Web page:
The NTFP MIS of ANSAB has been presented in greater detail as it pertains to NTFP subsector development and targets primarily the rural communities. MIS services of National News Service. development organizations did not know much about the NTFPs and its marketing. The very design of the system often makes (also is meant to be) the information a public good and targets the lowest strata of the society. Different types and models of marketing information systems have been presented to provide a broader perspective on MIS and draw on lessons and ideas for further strengthening of any such information systems or supporting development of new ones. when not integrated to the private sector and member based organizations (formal or informal). Inadequate access to information and marketing support was undermining their incomes from NTFPs. the marketing information systems operational at center as well as district levels are discussed. generally face challenges in sustaining the system at the scale after the project support is over. In this study. other MIS cases from Nepal (district NTFP MIS. Bangladesh (Fertilizer MIS of Ministry of Agriculture). India (agriculture crops MIS of Indian Tobacco Company (ITC). agriculture MIS of Agro Enterprise Center. and Pakistan (MIS services of Pakissan) are reviewed. MIS of Spice Board of India. Over 90% of NTFPs was sold to India and almost in unprocessed form. MIS services of Agribusiness Systems Private Limited. NTFP MIS of Nepal Context NTFPs were important source of livelihoods and incomes to the rural poor mountain communities in Nepal. Initiated by development projects. and local traders as its prime beneficiaries. It used to discuss on various issues related to NTFPs. and marketing of NTFPs was identified as one of the important areas. In addition. which was mostly participated by development organizations and government officials. such types of MIS. development organizations were looking for opportunities to support communities to help increase their incomes. Such systems generally target the farmers and entrepreneurs who otherwise would not get access to the types of information. The Nepal NTFP Network (NNN) was active network. However. and marketing information services of Rural Urban Partnership Programme). and Agriculture MIS of Indian Government-AGMARKNET). which is supposed to be very critical in enterprise development and their marketing decision making. Agriculture marketing systems in South Asia 4 . and sharing the costs of the system by the users becomes difficult. With community forestry programs progressing very successfully. entrepreneurs. MIS supported by development projects The marketing information systems supported by development projects range from community level to national level. where few regional traders (Terai based) were controlling NTFP trade and enjoying a good margin.Agriculture MIS Cases A few marketing information systems in agriculture and NTFPs sector in South Asia that are supporting enterprise development and marketing decision making of entrepreneurs and farmers have been taken as cases for the study.e-Choupals. The communities were receiving very little from the sales of NTFPs.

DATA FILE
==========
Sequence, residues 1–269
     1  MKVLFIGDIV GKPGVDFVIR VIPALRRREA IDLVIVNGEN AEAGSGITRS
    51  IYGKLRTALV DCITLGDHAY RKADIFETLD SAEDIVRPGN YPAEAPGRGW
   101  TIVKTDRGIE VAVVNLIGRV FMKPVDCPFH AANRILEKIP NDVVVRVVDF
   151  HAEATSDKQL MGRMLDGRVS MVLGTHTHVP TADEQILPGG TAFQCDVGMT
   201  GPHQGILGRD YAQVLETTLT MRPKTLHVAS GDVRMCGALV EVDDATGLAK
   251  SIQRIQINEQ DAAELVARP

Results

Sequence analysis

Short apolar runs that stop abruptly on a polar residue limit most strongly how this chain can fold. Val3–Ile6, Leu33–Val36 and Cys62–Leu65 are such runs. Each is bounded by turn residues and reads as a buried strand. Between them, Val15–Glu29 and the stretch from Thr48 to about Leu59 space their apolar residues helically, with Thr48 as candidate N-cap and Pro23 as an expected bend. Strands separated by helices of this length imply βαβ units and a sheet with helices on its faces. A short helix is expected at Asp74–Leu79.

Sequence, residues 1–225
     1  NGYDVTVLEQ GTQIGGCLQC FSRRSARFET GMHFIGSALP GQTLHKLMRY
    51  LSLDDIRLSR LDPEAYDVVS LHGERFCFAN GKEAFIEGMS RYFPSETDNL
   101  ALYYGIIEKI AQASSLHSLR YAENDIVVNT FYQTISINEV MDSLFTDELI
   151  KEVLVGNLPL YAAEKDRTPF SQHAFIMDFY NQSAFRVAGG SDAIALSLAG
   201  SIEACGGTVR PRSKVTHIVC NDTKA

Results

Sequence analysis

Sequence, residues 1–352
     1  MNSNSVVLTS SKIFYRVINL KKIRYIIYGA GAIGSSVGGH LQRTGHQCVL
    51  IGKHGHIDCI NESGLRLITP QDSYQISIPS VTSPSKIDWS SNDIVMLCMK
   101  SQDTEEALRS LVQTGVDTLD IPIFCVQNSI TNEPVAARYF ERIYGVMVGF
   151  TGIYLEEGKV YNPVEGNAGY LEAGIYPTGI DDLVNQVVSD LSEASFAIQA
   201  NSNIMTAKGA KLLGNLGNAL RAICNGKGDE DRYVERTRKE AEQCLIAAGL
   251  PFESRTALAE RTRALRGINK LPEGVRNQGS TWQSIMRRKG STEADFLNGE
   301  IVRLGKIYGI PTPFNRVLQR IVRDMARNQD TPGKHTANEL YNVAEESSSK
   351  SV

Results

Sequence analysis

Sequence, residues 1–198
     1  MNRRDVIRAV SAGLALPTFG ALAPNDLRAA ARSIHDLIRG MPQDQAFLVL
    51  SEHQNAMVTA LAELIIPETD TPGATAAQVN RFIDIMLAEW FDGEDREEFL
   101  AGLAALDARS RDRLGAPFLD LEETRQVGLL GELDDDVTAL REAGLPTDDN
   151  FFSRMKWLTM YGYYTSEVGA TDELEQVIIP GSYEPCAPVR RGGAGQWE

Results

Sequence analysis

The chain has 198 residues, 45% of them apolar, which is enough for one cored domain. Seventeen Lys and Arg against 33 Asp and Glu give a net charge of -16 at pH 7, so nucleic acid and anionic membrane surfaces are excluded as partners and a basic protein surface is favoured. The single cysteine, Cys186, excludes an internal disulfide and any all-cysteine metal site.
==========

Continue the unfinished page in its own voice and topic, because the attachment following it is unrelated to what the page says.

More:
The main purpose of the project was to improve marketing information system of NTFPs in Nepal to enable local level collectors and traders of these products to receive fair and equitable benefits. buyers’ requirement. A task force formed in early 1999 discussed on community level MIS for non-timber forest products. etc. On the other hand. ANSAB developed an MIS project proposal which was funded by Swiss Agency for Development and Cooperation (SDC) and The Netherlands Development Organisation (SNV). another task force was formed to study and suggest on development of a central level MIS. best practices on processing and production. is collected from other various sources. was developed by NNN. Two levels of MIS were identified necessary. b) facilitate supply and demand by creating favourable links between producers and markets. The central level MIS was considered as a means for assisting greater number of NTFP stakeholders with minimum efforts. The center MIS collects regular price and NTFP demand information primarily from traders and enterprises.Multi-stakeholders forum to discuss and conceptualize on MIS system The Nepal NTFP Network (NNN). which intended to provide marketing information to various types of users mainly through network of development and government organizations. which represents over 50 NTFP related organizations and about 300 individual members and organizes various sharing meetings and task forces to promote NTFP sub-sector development in Nepal. It identified inadequate access to marketing information as one of the major areas that needed immediate attention (ANSAB 1999). newspapers. the NTFP MIS is envisioned to serve many stakeholders with NTFP marketing information. and developing marketing plans to greater extents (NNN 1999). analysis. documents of development and Agriculture marketing systems in South Asia 5 . central level MIS was identified for helping various levels of participants by providing a wide range and scope of marketing information useful for promoting enterprise development plans. Based on the task force report and the suggestions from the NNN members. who otherwise were not in a position to get such information themselves. discussed about the constraints of NTFP marketing and NTFP based enterprise development in Nepal in 1999. Community level MIS was thought primarily useful for improving information access to a particular local community so that they could market their products at profitable terms. evaluating different marketing options. The NNN meetings concluded that central level MIS would complement the information provided through community level MIS by providing the market information that was needed for its target beneficiaries. ANSAB was nominated. In May 1999. trade policies. Other information related to trade analysis. and dissemination of marketing information that is required for different stakeholders in NTFP sub-sector. The central level MIS. The specific objectives were to: a) improve market information access in Nepal so that local collectors and traders get fair and sustainable benefits from NTFP trade. as the NNN meetings pointed out the need of central level MIS for coordination of collection. and various other donors shared the costs as well. and c) generate data on price variations and fluctuations that is useful to primary clients for adapting marketing strategies (ANSAB 2002). Design and implementation of central level MIS NTFP MIS Framework As the figure 1 also shows. It uses different information sources to collect information and various development organizations and communication media to disseminate it to the target users. To implement the MIS. major buyers. The project started its MIS activities from January 2001. such as magazines.